The role of legal aid in promoting access to justice

Author :Dhanvi Choubey, Bennett University

It has been appointed by a very important political philosopher Charles de Montesquieu that in a state all men are born equal, but they cannot continue in this state of equality, the society make them to lose it and it can only be recovered through a positive action of state.


Legal aid plays a crucial role in promoting access to justice, particularly for marginalized and economically disadvantaged groups. This article examines the importance of legal aid, exploring its historical evolution, its impact on society, and the challenges it faces. We delve into various models of legal aid delivery, analyse its benefits, and consider the barriers hindering its effectiveness. The article concludes by offering solutions to enhance the provision of legal aid and addresses frequently asked questions to clarify common concerns about legal aid services.


Access to justice is a fundamental human right, essential for the protection of all other rights. Legal aid, which provides legal assistance to those who cannot afford it, is a cornerstone of this principle. By ensuring that everyone, regardless of their financial status, has the opportunity to seek and obtain legal assistance, legal aid helps to uphold the rule of law and promote social justice.

1. Historical Evolution of Legal Aid and Models of Legal Aid Delivery

The concept of legal aid dates to ancient civilizations where rulers provided free legal assistance to the poor. Modern legal aid systems began to take shape in the early 20th century, with significant developments occurring post-World War II. The establishment of legal aid services became more structured and widespread, especially with the influence of international human rights frameworks emphasizing access to justice.

Legal aid systems vary widely across different jurisdictions. The three primary models are:

-Judicare Model: In this system, the government pays private lawyers to represent indigent clients. This model is prevalent in countries like Canada and Germany.

– Public Defender Model: Here, the state employs full-time lawyers to provide legal assistance to those in need. This model is commonly seen in the United States and some Latin American countries.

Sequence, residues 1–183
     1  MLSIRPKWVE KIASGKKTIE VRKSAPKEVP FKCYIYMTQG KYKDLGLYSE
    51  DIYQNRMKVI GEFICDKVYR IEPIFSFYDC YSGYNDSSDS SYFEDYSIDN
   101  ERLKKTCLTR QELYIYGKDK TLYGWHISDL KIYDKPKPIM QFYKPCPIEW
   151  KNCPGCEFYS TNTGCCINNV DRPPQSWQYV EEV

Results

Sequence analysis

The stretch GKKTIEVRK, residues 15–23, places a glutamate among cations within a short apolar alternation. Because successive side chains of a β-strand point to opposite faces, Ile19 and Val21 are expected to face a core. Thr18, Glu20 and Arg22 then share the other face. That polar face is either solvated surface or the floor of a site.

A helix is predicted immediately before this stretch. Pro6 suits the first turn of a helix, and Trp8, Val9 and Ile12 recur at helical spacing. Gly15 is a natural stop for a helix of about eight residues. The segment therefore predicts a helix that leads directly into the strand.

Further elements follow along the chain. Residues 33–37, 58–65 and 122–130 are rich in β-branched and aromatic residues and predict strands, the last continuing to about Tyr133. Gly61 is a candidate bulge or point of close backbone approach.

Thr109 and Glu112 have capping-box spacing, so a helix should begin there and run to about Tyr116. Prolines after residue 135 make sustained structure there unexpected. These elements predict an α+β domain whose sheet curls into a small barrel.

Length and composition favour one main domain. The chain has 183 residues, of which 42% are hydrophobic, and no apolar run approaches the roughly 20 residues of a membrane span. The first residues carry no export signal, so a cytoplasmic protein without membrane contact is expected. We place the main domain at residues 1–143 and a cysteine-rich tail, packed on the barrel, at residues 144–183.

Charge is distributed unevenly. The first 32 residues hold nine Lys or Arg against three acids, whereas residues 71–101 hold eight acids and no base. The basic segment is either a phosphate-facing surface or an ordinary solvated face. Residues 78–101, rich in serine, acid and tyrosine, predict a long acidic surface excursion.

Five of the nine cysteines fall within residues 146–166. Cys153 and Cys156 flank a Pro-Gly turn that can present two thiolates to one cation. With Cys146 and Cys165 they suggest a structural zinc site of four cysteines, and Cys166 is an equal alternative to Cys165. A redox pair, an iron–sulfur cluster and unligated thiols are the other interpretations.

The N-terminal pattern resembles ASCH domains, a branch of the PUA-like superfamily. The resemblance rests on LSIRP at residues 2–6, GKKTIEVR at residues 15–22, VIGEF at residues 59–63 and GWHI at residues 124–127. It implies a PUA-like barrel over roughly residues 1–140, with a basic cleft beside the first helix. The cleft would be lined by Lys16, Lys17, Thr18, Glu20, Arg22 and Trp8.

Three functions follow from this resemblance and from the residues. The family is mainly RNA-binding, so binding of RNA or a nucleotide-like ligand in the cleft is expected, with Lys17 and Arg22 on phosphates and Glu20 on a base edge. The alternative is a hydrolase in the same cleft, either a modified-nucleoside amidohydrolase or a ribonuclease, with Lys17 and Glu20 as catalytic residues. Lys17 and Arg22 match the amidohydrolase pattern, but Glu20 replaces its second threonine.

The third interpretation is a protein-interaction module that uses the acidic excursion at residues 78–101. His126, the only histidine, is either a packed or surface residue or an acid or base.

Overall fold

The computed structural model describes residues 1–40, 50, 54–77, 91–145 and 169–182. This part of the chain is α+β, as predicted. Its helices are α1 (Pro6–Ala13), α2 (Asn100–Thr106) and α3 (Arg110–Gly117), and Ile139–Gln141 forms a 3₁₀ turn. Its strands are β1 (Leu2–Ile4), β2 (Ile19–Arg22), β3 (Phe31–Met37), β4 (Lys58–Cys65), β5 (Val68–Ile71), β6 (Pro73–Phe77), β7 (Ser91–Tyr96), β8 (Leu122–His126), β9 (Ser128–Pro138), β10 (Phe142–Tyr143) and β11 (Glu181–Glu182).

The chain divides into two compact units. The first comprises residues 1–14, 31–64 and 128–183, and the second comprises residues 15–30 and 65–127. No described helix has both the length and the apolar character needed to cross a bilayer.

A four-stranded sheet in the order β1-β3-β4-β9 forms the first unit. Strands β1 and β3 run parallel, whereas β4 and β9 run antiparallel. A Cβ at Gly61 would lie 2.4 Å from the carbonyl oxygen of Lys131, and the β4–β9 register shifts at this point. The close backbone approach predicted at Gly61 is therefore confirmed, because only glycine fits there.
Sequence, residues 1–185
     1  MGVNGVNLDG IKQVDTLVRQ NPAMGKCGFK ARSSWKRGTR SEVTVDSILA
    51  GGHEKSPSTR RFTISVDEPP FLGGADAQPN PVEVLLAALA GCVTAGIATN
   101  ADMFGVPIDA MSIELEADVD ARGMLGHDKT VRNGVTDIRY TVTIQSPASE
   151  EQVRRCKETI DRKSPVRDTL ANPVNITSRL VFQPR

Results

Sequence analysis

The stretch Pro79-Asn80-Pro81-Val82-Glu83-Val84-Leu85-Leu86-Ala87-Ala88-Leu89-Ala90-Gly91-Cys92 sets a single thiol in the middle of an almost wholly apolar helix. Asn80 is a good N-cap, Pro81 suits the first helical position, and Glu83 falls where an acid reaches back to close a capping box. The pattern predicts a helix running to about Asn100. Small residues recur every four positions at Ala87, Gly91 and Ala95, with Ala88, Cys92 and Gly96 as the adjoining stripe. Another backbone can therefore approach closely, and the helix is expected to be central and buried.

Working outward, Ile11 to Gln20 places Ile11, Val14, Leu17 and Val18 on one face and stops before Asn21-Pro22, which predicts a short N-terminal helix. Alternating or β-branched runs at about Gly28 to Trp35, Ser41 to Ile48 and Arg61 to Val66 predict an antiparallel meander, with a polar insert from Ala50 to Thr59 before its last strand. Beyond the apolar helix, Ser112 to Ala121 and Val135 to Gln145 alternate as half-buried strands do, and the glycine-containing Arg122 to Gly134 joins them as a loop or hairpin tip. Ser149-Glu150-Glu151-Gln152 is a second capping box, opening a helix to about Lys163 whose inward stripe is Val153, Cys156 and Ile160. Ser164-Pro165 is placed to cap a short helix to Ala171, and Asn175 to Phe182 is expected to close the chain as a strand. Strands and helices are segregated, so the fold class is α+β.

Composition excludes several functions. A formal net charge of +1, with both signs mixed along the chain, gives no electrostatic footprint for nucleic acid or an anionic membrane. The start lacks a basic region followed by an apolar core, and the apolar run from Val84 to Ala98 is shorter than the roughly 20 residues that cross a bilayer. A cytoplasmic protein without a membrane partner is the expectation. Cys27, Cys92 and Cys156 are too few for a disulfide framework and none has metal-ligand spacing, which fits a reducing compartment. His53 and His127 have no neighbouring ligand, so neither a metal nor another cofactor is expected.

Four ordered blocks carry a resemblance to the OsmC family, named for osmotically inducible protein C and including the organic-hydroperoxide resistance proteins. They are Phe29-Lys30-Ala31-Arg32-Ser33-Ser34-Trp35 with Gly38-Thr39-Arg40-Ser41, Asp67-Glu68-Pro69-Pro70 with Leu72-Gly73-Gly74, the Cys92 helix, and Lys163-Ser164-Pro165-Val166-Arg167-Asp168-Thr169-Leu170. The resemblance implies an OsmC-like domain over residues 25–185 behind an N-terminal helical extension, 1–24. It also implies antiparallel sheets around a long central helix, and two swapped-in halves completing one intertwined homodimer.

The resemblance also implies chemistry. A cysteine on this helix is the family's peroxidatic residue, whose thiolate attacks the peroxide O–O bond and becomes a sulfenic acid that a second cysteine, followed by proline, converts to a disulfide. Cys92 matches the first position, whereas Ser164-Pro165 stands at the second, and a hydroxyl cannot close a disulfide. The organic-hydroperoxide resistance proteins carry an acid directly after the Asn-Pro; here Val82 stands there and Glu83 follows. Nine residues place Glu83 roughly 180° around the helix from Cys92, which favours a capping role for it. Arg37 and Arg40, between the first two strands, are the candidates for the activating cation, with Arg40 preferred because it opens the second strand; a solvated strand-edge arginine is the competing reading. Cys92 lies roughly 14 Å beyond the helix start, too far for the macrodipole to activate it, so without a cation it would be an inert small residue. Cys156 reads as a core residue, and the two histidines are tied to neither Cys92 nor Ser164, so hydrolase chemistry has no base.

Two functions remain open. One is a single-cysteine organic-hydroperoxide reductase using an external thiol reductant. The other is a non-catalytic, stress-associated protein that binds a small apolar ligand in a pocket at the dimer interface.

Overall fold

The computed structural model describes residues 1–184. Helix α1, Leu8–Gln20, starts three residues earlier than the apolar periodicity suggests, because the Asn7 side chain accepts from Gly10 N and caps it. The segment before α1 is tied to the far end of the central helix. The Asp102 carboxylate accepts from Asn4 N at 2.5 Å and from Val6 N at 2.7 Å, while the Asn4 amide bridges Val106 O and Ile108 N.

– Mixed Model: A combination of the judicare and public defender models, where both private lawyers and public defenders are used to provide legal aid. Many countries, including the UK and Australia, adopt this mixed approach.

 2.The Impact of Legal Aid on Society and Challenges Facing Legal Aid

Legal aid is essential for ensuring equality before the law. Without it, individuals from lower socio-economic backgrounds would be disproportionately disadvantaged, unable to navigate the complexities of the legal system or defend their rights effectively. By providing legal representation to those who cannot afford it, legal

aid strengthens the rule of law. It ensures that laws are applied fairly and consistently, and that everyone has a chance to be heard in court, thus preventing miscarriages of justice. Further Access to legal aid has broader social benefits. It can help reduce poverty and inequality, improve public health outcomes by addressing legal issues that affect well-being, and enhance social stability by resolving disputes through legal channels rather than through conflict. One of the biggest challenges is inadequate funding. Legal aid programs often struggle with limited budgets, which restricts their ability to serve all those in need and can lead to long wait times and lower quality of service. Many people are unaware of their rights or the availability of legal aid services. Even when they are aware, accessing these services can be challenging due to geographic, linguistic, or bureaucratic barriers. Ensuring high-quality legal representation is another significant challenge. Overburdened legal aid lawyers might not be able to dedicate sufficient time and resources to each case, potentially compromising the quality of their advocacy.

3. Solutions to Enhance Legal Aid

Increased Funding-Governments and private sectors need to increase funding for legal aid services. Innovative funding mechanisms, such as public-private partnerships and dedicated legal aid levies, could help in this regard.

 Legal Education and Awareness Campaigns-Raising awareness about legal rights and the availability of legal aid through public education campaigns can ensure that more people seek and benefit from these services.

Technological Integration-Utilizing technology, such as online legal resources, virtual consultations, and automated legal advice platforms, can make legal aid more accessible and efficient.